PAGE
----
Analysis: Jori Finkel: Lessons of California’s droit de suite debacle

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It’s not surprising that the history of resale royalty legislation in the US began with an auction and an altercation. The fight took place in 1973 outside the Sotheby Parke-Bernet auction house. Taxi mogul Robert Scull had just sold off many works of art at historic prices. For example, Robert Rauschenberg’s Thaw, which Scull had bought for $900 some 15 years earlier, made $85,000 on the night. Rauschenberg confronted Scull after the sale: “I’ve been working my ass off just for you to make that profit.”

Playing the percentages: (from left) the artist Robert Rauschenberg, state governor Jerry Brown, senator Alan Sieroty and the accountant Rubin Gorewitz at the signing of the California Resale Royalty Act in 1976. Photo: Harriet Zeitlin, courtesy Artists for Economic Action (AFEA)

Rauschenberg then lobbied Congress to pass a bill that would compensate artists when their work is resold. When that didn’t happen, the artist supported a state bill in California that did become law. The California Resale Royalty Act of 1976 gives artists a 5% royalty on resales of their works when transactions of $1,000 or above take place in the state or the seller is a resident of California.


Today the debate over a national droit de suite in the US is back, as New York congressman Jerrold Nadler is advancing a revised version of his Equity for Visual Artists Act of 2011, which failed to become law first time around.


When supporters of resale royalties in the US seek to advance their arguments, they usually look to other countries for supporting evidence—starting with France, which originated droit de suite in 1920 and now works on the EU model of a sliding scale up to 4%, capped at €12,500. They tend to overlook the California act.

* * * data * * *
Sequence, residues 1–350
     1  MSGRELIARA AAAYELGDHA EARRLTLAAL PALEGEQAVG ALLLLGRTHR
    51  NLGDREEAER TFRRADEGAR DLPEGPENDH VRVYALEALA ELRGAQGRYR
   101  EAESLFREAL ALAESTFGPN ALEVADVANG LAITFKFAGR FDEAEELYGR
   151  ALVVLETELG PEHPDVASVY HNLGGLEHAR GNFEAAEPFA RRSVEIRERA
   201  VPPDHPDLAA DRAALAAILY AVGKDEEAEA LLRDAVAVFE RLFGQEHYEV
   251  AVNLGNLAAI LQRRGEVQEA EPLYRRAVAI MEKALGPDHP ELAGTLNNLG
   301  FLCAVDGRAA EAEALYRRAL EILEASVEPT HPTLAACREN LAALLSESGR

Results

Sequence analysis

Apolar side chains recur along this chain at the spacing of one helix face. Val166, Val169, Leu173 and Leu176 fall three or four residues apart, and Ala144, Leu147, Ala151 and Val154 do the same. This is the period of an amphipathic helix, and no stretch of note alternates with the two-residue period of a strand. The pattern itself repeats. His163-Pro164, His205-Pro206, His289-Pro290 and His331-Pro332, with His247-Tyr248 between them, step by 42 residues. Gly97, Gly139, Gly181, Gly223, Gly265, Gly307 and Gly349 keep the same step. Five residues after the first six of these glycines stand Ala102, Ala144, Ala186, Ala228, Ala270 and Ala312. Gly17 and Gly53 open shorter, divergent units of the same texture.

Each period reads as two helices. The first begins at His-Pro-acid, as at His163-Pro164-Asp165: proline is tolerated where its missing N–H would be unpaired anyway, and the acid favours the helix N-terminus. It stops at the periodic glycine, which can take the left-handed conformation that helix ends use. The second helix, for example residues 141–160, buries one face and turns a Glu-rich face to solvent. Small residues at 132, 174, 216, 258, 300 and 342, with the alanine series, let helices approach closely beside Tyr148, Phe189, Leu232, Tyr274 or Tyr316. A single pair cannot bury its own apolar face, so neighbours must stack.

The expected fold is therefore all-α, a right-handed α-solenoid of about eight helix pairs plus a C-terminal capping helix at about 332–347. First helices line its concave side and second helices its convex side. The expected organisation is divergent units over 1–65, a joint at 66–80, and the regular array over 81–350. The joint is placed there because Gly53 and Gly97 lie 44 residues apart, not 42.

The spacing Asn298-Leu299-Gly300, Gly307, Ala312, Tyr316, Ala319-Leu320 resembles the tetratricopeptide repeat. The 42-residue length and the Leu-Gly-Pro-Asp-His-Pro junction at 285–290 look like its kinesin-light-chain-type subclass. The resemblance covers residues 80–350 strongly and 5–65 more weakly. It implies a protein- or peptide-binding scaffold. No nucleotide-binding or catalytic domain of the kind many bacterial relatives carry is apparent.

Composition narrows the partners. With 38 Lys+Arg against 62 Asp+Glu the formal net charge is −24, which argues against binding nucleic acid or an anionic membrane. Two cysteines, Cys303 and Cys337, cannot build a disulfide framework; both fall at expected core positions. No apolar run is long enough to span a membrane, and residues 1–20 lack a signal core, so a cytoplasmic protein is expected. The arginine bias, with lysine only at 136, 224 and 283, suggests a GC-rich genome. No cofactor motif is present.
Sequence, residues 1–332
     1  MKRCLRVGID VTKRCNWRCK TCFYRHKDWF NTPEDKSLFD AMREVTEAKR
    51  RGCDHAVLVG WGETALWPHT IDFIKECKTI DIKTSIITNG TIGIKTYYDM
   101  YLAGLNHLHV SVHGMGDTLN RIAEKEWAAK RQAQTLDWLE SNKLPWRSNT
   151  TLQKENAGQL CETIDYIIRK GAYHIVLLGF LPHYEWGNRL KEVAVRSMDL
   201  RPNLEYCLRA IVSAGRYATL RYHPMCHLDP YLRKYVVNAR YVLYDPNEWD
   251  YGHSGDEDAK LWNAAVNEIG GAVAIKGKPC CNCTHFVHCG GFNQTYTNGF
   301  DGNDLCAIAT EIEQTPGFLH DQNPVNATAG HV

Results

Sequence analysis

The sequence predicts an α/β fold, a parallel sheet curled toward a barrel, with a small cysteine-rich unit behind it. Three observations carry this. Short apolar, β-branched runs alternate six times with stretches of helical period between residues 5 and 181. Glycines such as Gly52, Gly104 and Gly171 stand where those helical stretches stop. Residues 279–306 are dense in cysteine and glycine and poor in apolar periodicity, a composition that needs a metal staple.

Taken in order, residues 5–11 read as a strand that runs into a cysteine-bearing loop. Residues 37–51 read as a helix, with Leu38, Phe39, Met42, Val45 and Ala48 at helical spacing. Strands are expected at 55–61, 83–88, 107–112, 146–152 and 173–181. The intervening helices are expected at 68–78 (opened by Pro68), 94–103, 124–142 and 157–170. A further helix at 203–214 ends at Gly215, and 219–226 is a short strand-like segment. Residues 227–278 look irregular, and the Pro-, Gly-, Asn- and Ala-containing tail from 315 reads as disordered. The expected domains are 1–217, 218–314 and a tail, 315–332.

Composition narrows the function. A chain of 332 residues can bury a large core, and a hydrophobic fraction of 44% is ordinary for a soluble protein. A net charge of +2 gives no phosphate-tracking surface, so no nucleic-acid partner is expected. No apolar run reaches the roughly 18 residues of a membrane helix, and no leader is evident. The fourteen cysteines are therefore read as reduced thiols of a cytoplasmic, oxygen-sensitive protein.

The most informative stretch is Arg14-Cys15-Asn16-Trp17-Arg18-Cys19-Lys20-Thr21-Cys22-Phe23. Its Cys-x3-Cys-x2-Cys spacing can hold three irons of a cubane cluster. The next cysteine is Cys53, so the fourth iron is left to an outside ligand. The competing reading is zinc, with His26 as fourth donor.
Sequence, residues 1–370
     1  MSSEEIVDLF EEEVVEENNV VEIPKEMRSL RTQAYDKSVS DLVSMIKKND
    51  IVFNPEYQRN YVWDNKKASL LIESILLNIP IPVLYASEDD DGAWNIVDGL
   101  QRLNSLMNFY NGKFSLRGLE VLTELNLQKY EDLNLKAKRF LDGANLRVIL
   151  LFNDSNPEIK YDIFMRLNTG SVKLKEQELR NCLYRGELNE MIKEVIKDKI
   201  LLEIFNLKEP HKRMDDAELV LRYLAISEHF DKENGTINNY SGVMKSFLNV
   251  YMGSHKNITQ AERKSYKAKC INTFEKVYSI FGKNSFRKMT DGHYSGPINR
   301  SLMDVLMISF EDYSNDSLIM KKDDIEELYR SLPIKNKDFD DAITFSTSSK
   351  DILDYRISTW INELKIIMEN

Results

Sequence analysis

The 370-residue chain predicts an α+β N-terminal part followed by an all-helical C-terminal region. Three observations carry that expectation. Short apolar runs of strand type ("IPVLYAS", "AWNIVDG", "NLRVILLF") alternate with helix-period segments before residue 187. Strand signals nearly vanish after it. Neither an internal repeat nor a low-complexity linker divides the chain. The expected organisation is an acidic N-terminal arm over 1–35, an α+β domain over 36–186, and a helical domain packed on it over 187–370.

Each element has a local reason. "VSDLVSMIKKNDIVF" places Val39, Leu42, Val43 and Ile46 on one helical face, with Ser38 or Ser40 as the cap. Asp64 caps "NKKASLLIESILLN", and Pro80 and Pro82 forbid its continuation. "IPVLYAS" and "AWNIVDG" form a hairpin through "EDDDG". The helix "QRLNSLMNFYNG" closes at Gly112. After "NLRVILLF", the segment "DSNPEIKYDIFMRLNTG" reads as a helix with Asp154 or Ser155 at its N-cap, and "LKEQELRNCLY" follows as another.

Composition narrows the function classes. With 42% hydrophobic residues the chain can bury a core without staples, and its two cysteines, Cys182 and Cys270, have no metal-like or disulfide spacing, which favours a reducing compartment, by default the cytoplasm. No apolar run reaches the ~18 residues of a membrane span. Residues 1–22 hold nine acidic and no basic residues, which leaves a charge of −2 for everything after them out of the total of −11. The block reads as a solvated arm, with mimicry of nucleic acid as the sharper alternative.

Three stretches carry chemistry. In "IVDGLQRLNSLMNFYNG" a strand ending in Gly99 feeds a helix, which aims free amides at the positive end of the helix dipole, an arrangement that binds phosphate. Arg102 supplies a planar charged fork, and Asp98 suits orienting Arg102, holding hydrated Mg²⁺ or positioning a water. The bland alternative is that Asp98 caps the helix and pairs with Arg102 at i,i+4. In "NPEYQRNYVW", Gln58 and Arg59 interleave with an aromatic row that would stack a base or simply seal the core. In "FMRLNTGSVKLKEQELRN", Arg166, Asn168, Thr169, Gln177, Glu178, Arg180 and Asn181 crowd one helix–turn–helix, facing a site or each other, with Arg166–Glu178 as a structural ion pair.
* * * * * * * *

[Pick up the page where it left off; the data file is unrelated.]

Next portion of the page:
There’s a reason why: for decades this law has been misunderstood and unevenly enforced. And now its very constitutionality is in doubt. Last year a federal judge dismissed lawsuits brought by the estate of Robert Graham, Chuck Close and other artists against Christie’s, Sotheby’s and eBay on the grounds that the California law violated the US Constitution by attempting to let one state regulate commerce in others.


Still, as the only droit de suite in the US, the California statute has served as a test case. It should also serve as a cautionary tale for politicians considering the new Equity for Visual Artists bill, who would do well to learn from its mistakes.


Apply the resale royalty law to all sellers equally


A leading argument against the California law, however difficult to prove, is that it has had a chilling effect on the art market in the state, driving transactions to New York or elsewhere. Most notably, the auction houses point out that Sotheby’s stopped holding sales in Los Angeles after the law was enacted.


Of course, that geographic issue would be solved by national legislation, but the larger argument that a national droit de suite in the US would send some business out of the country deserves consideration. And given Nadler’s statements that the new bill will only apply to auction houses, there’s a related risk—of driving transactions away from the auction houses and into private backrooms.


A new law might also drive sales online. Ebay, for example, has already succeeded in various court cases in defining itself not as a seller of goods but “a platform” for selling akin to newspaper classified ads. If the courts continue to buy this, then eBay and its online counterparts will have a clear advantage over more traditional auction houses such as Christie’s and Sotheby’s, in effect penalising the businesses that attempt to vet material for quality and handle the exchange of property and money.


The collector Dean Valentine, who was sued by the painter Mark Grotjahn for royalties, called the California act “discriminatory”. Let’s make sure the federal one isn’t.


Take the cue of artists when attempting to define “fine” or “visual” art